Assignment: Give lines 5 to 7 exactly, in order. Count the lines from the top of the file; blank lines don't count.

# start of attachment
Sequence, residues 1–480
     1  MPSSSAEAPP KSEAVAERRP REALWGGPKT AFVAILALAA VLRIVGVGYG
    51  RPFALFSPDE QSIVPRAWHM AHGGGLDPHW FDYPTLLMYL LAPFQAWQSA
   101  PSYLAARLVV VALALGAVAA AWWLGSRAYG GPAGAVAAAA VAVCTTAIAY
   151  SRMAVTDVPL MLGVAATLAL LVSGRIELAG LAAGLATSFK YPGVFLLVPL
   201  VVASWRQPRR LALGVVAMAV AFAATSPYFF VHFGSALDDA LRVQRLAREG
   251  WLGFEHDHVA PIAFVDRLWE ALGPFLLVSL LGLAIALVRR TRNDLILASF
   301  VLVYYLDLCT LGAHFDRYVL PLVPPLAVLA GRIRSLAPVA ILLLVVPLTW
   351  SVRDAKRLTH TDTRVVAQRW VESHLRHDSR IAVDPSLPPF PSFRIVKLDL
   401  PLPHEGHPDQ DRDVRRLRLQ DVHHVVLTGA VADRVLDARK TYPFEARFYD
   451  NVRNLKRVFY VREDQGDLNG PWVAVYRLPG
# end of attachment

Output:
   151  SRMAVTDVPL MLGVAATLAL LVSGRIELAG LAAGLATSFK YPGVFLLVPL
   201  VVASWRQPRR LALGVVAMAV AFAATSPYFF VHFGSALDDA LRVQRLAREG
   251  WLGFEHDHVA PIAFVDRLWE ALGPFLLVSL LGLAIALVRR TRNDLILASF